BlackBerry Storm 2 review

Can it fix the failings of the original Storm?

BlackBerry Storm 2 review
BlackBerry Storm 2 review

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Messaging is a hard act to follow, and the internet browser doesn't really manage it with any kind of aplomb.

The touchscreen and SurePress clicker are the two main components of the browser navigation, and neither particularly covers itself in glory.

One of the main problems with the browser is it's slow, and that's not just on connection. On mobile sites it's fine, with minimal lag, but crank it up to HTML and then things start to get pretty dicey.

BlackBerry storm 2

Rows of text will display OK, but get any Flash lite involved and things start to go a bit pear-shaped. We're talking text crossing over itself, a freezing device and a generally slow experience. It's better over Wi-Fi, although still not as zippy as it could be in our opinion.

The variety of sites we tried not only didn't render as they would on the 'normal' internet, they also came out grainy and fuzzy for some reason. And when the display freezes on the Storm 2, the screen itself also locks, so you can't force it to go back or exit a program. In extreme cases this caused us to have to remove the battery at times, although this was fairly rare.

That said, the browser on the Storm 2 can be pretty slick - when working well over Wi-Fi, you could argue that it rivals that of the iPhone 3GS, although the all too frequent slowdown blighted the experience somewhat.

BlackBerry storm 2

It lacks the complexity of the likes of the HTC Hero's browser, complete with the ability to post links to Twitter and Facebook, and the reformatting doesn't always perform as well as it should, leaving you with text off the screen even when you've engaged the 'Column View' smart-fit technology.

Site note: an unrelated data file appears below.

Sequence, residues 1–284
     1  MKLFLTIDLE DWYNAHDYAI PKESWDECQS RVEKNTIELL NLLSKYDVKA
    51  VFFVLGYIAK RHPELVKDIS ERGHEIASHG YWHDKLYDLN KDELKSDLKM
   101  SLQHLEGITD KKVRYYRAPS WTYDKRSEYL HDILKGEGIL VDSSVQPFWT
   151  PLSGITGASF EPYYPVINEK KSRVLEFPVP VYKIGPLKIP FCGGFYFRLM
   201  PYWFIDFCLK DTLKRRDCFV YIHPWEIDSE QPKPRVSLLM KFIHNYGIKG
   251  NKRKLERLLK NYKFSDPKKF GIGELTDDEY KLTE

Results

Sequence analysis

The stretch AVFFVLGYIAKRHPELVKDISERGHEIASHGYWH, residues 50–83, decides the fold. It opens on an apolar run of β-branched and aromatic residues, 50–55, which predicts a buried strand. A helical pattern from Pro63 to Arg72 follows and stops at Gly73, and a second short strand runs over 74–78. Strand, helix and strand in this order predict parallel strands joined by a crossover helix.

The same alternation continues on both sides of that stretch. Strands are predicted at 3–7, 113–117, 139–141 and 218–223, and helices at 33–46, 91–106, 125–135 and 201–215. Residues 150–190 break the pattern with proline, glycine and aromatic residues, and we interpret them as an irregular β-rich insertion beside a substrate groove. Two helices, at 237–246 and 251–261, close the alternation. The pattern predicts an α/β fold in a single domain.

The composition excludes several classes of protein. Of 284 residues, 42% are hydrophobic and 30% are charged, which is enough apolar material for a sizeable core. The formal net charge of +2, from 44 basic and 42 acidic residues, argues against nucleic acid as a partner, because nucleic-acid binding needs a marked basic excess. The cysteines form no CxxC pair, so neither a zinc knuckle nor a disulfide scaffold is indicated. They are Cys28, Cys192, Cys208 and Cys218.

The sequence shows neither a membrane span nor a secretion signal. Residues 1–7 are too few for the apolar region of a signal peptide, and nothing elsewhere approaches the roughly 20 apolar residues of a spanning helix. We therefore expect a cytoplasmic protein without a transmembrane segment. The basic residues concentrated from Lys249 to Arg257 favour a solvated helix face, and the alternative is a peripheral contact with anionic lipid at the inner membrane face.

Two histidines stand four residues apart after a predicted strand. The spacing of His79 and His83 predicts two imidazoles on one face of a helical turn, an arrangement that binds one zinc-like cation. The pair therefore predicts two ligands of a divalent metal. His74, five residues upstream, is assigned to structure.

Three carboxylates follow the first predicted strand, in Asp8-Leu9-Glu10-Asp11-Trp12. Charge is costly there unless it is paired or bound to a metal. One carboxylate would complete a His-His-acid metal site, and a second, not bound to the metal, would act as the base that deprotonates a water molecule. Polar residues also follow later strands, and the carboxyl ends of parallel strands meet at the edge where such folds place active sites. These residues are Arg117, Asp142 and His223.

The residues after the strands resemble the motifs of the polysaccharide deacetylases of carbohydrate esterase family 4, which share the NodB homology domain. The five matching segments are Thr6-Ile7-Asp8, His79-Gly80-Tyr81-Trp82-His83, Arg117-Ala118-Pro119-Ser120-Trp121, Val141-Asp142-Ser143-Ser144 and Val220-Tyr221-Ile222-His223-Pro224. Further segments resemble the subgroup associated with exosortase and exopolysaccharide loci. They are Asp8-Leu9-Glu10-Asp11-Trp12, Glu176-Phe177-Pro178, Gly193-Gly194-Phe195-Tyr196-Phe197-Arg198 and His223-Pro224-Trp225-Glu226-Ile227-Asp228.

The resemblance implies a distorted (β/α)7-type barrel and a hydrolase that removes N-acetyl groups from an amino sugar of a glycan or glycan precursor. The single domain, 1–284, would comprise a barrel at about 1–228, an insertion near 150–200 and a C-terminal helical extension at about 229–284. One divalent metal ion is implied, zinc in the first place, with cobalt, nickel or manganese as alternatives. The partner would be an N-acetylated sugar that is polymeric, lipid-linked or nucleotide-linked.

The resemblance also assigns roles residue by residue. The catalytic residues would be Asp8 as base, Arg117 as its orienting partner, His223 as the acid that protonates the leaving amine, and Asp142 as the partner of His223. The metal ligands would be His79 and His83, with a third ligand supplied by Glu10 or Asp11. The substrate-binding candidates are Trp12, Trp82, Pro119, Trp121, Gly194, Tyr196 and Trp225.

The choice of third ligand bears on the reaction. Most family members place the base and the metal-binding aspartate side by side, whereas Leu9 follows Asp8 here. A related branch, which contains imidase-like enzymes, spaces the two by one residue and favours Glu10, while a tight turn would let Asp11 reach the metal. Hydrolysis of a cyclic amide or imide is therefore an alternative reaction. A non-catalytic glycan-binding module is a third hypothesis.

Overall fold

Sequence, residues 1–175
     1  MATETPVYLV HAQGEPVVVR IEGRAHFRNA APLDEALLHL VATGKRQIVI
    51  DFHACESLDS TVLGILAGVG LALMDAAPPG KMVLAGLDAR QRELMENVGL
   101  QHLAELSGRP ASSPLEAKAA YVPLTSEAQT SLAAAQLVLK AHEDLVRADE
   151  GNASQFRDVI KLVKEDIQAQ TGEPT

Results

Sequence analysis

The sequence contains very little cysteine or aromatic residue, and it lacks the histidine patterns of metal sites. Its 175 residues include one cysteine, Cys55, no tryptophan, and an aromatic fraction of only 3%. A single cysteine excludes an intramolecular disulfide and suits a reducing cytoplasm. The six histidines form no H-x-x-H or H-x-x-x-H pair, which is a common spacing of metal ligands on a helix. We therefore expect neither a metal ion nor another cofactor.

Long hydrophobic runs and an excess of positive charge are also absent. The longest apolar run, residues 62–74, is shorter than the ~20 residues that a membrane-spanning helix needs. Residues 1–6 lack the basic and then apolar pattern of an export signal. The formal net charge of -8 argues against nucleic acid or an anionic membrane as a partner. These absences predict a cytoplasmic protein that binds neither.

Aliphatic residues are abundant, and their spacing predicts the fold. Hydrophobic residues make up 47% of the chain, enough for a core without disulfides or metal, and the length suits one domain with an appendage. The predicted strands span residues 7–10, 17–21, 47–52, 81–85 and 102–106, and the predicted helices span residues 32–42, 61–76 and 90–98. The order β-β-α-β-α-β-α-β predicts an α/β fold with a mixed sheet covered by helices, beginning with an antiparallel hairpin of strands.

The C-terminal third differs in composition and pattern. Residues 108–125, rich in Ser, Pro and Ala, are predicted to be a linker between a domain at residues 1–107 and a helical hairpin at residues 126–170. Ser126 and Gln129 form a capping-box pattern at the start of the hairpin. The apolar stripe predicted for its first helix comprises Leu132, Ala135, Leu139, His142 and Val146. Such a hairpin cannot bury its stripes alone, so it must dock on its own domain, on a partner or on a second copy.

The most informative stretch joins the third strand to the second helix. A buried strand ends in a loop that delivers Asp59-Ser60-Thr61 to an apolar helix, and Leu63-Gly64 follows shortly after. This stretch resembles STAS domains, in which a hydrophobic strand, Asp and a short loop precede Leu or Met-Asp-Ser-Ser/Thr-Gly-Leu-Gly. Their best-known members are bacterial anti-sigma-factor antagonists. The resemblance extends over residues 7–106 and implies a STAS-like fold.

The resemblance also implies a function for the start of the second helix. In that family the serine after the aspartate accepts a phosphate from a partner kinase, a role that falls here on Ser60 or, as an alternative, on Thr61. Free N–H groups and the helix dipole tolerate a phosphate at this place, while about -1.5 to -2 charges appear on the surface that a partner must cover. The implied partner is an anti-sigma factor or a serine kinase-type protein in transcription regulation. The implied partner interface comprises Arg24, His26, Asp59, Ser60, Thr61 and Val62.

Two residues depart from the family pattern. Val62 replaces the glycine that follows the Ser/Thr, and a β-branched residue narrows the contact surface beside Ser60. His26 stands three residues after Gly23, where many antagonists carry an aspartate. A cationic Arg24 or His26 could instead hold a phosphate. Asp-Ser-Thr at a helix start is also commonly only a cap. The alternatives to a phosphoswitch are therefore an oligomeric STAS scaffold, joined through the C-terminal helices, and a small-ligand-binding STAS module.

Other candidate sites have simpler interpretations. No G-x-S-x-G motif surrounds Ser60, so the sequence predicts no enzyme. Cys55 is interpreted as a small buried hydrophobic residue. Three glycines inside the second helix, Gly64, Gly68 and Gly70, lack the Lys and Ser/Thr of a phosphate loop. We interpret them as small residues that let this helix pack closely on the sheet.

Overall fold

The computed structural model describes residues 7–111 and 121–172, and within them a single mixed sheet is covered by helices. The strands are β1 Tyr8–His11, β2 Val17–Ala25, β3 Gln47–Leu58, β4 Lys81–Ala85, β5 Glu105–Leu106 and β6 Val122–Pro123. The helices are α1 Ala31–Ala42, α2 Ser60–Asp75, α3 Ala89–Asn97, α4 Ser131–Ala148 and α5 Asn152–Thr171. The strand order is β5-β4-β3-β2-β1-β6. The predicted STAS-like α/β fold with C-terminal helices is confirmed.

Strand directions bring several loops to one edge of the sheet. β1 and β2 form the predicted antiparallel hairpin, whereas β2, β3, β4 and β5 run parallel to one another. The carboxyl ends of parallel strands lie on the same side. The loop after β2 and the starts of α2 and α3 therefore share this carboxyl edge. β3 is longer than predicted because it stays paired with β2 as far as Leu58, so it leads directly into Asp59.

Another problem we had was selecting the right link. You can scroll to the link using the touchscreen, with each one under the finger being highlighted, but when it comes to selecting it, you can easily miss when the SurePress screen rolls under the finger when clicking.

Also, it's easy enough to zoom in by clicking on any part of the screen, but it's not so easy to zoom out, with the reverse zoom key needed to be engaged over and over again to get back to where you were.

It's a great internet browser on the surface, but the Storm 2 is left trailing in the wake of the likes of the iPhone 3GS and the HTC Hero.

Gareth Beavis
Formerly Global Editor in Chief

Gareth has been part of the consumer technology world in a career spanning three decades. He started life as a staff writer on the fledgling TechRadar, and has grown with the site (primarily as phones, tablets and wearables editor) until becoming Global Editor in Chief in 2018. Gareth has written over 4,000 articles for TechRadar, has contributed expert insight to a number of other publications, chaired panels on zeitgeist technologies, presented at the Gadget Show Live as well as representing the brand on TV and radio for multiple channels including Sky, BBC, ITV and Al-Jazeera. Passionate about fitness, he can bore anyone rigid about stress management, sleep tracking, heart rate variance as well as bemoaning something about the latest iPhone, Galaxy or OLED TV.